That is why private sector solutions that preserve, rehabilitate, and selectively develop high-quality housing catering specifically to the missing middle fill such a void in the marketplace. For one, such a strategy when executed by a specialized and experienced operator that prioritizes resident quality of life becomes an elegant embodiment of the “double bottom line,” whereby doing good for communities also drives better performance in a commercial sense. ESG considerations increasingly play into investor allocations, but investors expect a clear and measurable demonstration that ESG is accretive to returns. It would be challenging to find an asset class that proves the value of community revitalization more than workforce and affordable housing. By implementing life-enhancing social and community programs that advance social and economic mobility, environmental sustainability, and equity and inclusion, an operator can enliven an inefficiently managed, sub-optimized asset and turn it into a thriving community of sticky residents who are getting so much value that they may not want to leave. Programs such as credit score enhancement, English-as-a-second-language, technical training, career counseling, health and wellness, after-school enrichment, coding classes for youth, and college preparedness for first generation students brighten hopes, dreams, and futures, but simultaneously drive the bottom line in the form of retention, net operating income and lower attrition costs. Most importantly, results from these programs can be granularly measured at the asset level, providing the type of transparency and actionable intelligence that has often been the missing link to widespread adoption of ESG-oriented alternatives strategies.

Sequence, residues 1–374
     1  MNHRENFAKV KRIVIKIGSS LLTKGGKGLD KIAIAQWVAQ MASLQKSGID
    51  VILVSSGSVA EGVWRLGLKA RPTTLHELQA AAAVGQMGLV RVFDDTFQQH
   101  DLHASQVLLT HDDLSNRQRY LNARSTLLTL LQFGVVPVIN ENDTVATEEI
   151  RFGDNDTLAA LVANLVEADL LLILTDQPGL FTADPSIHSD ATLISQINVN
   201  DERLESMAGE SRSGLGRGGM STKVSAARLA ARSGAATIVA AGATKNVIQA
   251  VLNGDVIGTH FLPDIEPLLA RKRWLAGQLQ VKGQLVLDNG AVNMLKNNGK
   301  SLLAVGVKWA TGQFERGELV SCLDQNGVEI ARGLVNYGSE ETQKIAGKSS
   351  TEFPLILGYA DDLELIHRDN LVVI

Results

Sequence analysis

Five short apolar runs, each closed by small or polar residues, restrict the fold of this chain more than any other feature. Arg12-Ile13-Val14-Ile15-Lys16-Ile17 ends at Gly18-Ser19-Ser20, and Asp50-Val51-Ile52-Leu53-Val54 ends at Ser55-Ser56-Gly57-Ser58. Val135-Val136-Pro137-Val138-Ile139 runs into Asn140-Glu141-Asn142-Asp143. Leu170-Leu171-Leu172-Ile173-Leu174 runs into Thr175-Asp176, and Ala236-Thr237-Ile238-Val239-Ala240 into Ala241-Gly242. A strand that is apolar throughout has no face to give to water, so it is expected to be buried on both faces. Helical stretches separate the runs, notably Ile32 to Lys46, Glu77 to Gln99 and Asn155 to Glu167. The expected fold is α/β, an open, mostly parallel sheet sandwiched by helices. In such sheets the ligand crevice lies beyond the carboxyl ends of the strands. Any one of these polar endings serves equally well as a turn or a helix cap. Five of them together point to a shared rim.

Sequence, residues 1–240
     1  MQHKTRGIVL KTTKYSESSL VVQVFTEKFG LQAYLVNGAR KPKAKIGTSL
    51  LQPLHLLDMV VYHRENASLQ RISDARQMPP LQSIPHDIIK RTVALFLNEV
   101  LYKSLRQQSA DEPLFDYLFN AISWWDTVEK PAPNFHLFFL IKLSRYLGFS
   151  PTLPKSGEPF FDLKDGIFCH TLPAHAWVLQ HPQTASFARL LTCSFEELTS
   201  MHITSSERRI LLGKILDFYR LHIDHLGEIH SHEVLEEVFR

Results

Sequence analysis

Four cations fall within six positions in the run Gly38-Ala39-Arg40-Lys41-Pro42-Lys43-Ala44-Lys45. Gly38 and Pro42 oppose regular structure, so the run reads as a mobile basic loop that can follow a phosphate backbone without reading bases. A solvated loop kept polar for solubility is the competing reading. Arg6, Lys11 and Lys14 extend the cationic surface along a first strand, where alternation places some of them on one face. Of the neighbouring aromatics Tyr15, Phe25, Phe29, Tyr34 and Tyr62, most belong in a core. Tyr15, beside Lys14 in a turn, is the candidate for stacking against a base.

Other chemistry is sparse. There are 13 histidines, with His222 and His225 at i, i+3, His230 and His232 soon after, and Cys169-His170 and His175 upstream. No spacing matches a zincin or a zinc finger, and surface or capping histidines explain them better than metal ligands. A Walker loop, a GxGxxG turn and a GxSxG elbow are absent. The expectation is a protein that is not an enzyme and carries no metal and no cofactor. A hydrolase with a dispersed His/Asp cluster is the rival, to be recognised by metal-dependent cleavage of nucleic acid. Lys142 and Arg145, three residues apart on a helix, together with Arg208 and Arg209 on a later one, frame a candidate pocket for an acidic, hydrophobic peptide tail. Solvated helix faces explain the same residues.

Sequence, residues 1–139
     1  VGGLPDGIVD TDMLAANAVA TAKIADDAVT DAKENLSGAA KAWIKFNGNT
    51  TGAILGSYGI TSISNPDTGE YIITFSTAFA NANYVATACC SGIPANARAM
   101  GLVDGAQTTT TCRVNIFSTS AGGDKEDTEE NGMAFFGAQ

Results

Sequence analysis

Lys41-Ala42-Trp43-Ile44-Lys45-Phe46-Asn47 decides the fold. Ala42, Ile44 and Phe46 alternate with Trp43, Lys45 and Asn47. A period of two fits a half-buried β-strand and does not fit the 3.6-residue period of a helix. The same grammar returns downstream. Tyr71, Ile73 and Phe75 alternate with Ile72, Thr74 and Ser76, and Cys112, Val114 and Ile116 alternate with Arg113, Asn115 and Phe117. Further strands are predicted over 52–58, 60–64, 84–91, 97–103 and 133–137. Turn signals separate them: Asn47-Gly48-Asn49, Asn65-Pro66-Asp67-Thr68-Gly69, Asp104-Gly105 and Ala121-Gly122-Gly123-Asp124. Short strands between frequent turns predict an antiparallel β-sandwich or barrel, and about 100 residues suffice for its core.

Second, the COVID-19 pandemic has further served as an accelerator of demand for high-quality, affordable housing, while exacerbating supply. This is a long-term secular shift rather than a trend, both in the growth of the low-to moderate-income renter population and in the flow of human capital towards lower cost of living metros such as Phoenix, Dallas, or Tampa. Multifamily housing starts were down 45% year-over-year in the last three quarters of 2020, and Capital A has further been stretched as local, state, and federal governments suffer from lower tax revenue and depleted budgets. Not only are we as a country not building enough housing, period, to keep up with the roughly 475,000 units needed annually net of obsolescence, but what we are building does not serve the needs and demands of most renters. Add in the migration down from more expensive housing and continued rent growth in knowledge-based markets, and it is no surprise that the workforce and affordable housing sector was such an outperformer during COVID-19. From a sheer volume perspective, there are thousands of assets for sale each year that are sub-optimized or inefficiently managed and that can thrive with a hands-on operational touch. The pandemic also opened additional areas of opportunity to create new affordable housing, including hospitality conversions and responsibly managed manufactured housing.